Olaudah Equiano, or Gustavus Vassa, as he was known during his lifetime (b. 1745?–d. 1797), was a writer and polemicist of extraordinary abilities. His Interesting Narrative informs readers that he was born into a ruling-class Igbo family in 1745 and was kidnapped at the age of eleven. He tells readers that he was then sold to Europeans on the Gold Coast and made to endure the dreaded transatlantic Middle Passage to Virginia. After this time, he was sold to Michael Henry Pascal, an officer in the British Royal Navy, who, against Equiano’s will, named him Gustavus Vassa, a name that Equiano used throughout the rest of his life. Traveling with Pascal to England, Equiano was officially baptized, he tells us, in 1759. After his baptism, Pascal recruited Equiano for the Seven Years’ War. Equiano mistakenly assumed that Pascal would free him at the end of the conflict. Instead, Pascal sold him into West Indian slavery. From there, Equiano worked to save enough money and purchase his own manumission in 1766. With his new freedom, Equiano sailed the world, gaining the rank of able seaman, as he traveled across the Atlantic and even to the North Pole. After that harrowing journey, Equiano experienced a spiritual conversion to Methodism in 1774, and grew publicly involved with the antislavery debate, through letters, speeches, and his own Interesting Narrative. He married a white Englishwoman, Susanna Cullen, in 1792, and had two daughters, only one of whom survived to inherit the estate that Equiano left for her when he died on 31 March 1797. Biographer Vincent Carretta suggests that aspects of Equiano’s life story, including his African nativity, may be fabricated, as Equiano’s baptismal record lists him as “a Black born in Carolina 12 years old,” a possibility supported by one ship’s muster logs. Following on Carretta’s research, critics continue to debate important questions about genre, evidence, imagination, authenticity, testimony, and authorship.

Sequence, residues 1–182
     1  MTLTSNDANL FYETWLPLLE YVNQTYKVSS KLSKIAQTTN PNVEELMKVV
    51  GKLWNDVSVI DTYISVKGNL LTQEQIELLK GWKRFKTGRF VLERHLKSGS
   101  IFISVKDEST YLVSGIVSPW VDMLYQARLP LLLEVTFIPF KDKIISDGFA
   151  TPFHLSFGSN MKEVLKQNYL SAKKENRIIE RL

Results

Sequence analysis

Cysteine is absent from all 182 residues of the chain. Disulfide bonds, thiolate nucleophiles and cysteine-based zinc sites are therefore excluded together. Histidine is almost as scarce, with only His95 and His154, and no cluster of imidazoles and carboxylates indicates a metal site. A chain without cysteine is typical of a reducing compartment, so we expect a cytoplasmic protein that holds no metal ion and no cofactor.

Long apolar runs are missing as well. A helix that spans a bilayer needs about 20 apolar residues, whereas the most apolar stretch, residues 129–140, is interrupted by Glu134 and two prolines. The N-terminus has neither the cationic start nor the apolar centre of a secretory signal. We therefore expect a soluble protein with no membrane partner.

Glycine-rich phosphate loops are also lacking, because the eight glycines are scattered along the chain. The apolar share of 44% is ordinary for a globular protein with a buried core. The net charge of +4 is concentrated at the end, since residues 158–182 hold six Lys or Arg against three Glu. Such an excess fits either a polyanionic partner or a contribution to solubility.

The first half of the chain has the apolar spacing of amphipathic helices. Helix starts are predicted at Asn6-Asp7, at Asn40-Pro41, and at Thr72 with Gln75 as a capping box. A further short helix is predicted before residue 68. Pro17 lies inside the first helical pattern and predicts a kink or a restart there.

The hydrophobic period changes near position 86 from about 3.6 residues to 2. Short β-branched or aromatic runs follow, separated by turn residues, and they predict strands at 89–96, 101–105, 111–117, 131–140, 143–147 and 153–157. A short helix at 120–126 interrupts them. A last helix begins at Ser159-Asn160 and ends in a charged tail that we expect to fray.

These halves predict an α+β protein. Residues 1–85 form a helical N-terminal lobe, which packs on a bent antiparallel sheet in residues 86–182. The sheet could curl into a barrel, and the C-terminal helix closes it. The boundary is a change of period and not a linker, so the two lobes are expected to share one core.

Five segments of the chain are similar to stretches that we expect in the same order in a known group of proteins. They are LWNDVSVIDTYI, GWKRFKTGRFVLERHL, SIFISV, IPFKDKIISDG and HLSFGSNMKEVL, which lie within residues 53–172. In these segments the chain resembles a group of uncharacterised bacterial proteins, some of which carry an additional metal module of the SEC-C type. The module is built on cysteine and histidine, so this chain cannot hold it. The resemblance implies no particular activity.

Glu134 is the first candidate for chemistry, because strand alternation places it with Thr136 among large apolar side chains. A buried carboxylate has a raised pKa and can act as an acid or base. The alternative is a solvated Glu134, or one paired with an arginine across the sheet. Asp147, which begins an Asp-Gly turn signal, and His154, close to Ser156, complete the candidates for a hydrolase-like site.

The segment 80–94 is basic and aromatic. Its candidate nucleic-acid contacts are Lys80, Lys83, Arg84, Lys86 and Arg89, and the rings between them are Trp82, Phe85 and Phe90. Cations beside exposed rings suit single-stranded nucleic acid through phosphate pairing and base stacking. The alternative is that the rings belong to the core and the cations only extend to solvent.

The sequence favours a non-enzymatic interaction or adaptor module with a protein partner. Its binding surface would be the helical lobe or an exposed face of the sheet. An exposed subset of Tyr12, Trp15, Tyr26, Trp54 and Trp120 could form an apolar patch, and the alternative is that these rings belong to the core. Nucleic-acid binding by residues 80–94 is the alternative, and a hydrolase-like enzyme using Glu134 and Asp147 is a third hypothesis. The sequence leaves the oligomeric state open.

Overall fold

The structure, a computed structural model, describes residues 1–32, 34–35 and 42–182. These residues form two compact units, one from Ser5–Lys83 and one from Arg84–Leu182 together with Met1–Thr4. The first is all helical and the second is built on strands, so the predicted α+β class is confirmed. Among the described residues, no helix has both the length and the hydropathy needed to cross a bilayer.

This category attempts to place Equiano’s Interesting Narrative within the historical context of the 18th century, focusing especially on his place within the black Atlantic, African American and Afro-British history, the transatlantic slave trade, and the British abolition movement, in which Equiano and his Narrative played a major role. Fryer 1984, Hochschild 2005, Brown 2006, and Boulukos 2008 establish Equiano’s role within the British movement to abolish the transatlantic slave trade, and each highlights the at times hypocritical forces at work within the abolition movement that Equiano had to navigate. Bolster 1998 explicates Equiano’s place in the maritime culture of the 18th century, particularly in the opportunities and restrictions it provided to enslaved Africans. Davis and Gates 1985 and Bruce 2001 situate Equiano’s life within the broader historical context of slave narratives, autobiography, and black resistance. Wiecek 1974 provides useful historical context for teaching Equiano’s Narrative, explicating the significance of the Somerset decision in Britain, which directly impacted Equiano. Carretta and Gould 2001 highlight the multifarious critical landscape of black Atlantic writing in the 18th century, and Equiano’s contribution to it.